Gov. Brian Schweitzer’s backing of a cable firm’s bid for federal economic stimulus funds to expand high-speed Internet service in rural areas has drawn sharp criticism from telephone companies and their chief regulator in the state.
Bresnan Communications, a cable TV and Internet provider, has proposed building a 1,885-mile fiber-optic network to pipe broadband to seven Indian reservations and other underserved areas of the state. Schweitzer’s office singled out the Bresnan project from more than a dozen competing proposals as a “top priority,” urging the U.S. Department of Commerce to fully fund it at a cost of $70 million.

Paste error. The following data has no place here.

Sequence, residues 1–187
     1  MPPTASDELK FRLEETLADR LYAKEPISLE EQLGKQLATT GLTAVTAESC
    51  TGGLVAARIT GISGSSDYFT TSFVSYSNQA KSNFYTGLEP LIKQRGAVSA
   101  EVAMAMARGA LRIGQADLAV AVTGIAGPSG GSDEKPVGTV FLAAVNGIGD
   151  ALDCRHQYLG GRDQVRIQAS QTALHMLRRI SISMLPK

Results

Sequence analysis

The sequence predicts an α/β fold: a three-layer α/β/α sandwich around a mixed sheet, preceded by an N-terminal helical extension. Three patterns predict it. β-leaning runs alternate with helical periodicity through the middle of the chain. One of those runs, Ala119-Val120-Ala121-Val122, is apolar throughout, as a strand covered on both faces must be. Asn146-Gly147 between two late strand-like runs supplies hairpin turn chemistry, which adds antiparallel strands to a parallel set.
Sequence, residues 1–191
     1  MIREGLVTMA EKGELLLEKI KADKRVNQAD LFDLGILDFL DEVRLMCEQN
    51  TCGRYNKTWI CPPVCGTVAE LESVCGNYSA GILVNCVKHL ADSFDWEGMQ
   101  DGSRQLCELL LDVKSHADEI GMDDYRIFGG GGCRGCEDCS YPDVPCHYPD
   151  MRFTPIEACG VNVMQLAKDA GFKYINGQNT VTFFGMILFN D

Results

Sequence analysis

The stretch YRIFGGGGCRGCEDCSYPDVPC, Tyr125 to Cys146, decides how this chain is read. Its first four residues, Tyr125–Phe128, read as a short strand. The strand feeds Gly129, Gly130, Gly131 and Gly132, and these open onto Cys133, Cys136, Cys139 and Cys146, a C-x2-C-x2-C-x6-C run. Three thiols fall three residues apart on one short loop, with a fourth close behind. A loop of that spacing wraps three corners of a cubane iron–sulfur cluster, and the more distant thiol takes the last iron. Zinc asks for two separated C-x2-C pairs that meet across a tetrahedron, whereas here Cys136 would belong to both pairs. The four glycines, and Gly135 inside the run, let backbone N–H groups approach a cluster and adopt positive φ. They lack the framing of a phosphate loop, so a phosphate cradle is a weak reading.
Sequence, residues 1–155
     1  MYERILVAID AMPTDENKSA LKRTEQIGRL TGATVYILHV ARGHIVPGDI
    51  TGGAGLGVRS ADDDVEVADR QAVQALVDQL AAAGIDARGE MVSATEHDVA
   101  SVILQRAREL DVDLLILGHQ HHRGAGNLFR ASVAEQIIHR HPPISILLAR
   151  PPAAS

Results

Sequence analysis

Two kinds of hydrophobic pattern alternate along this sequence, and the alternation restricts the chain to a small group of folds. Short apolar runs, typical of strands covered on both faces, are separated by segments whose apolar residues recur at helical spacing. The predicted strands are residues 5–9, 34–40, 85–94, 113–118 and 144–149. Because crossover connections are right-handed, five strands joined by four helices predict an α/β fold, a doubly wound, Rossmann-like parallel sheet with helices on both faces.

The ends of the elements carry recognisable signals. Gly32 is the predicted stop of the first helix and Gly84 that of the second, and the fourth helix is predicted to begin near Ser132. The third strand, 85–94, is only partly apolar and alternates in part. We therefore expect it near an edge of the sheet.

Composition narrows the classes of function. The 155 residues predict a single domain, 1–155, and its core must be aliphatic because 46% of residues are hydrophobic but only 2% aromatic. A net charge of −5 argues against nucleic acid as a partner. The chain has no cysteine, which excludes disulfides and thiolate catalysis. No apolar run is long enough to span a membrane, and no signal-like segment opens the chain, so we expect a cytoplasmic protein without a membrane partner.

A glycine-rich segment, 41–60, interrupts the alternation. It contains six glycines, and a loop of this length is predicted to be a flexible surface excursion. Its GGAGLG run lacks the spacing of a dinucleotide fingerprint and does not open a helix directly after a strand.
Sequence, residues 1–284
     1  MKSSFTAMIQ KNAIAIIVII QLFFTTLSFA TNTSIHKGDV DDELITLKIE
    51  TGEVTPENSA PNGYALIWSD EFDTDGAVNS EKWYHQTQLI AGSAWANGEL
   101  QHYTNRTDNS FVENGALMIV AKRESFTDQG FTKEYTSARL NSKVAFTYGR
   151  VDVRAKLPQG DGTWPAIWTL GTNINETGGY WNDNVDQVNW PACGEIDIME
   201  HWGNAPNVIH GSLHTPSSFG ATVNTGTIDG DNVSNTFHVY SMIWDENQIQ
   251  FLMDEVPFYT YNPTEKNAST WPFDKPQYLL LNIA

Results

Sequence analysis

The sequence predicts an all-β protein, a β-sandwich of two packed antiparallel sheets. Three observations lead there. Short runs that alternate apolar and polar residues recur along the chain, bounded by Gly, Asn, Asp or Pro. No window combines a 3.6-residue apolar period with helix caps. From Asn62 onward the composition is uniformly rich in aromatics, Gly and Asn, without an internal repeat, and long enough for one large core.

Telephone companies blasted Schweitzer for endorsing the Bresnan plan, charging that it would duplicate the firms’ existing long-distance fiber-optic lines in rural areas, including the Indian reservations. The Montana Public Service Commission also criticized Bresnan’s proposal, saying that it failed to increase critical “last-mile” broadband access for homes and businesses.
Officials with Bresnan and the state’s Indian tribes defended the project. They said the new network would eventually provide faster, cheaper broadband Internet service to Indian reservations, fostering business development and boosting employment.
Federal officials were expected to decide by January which projects in the state will receive stimulus funds.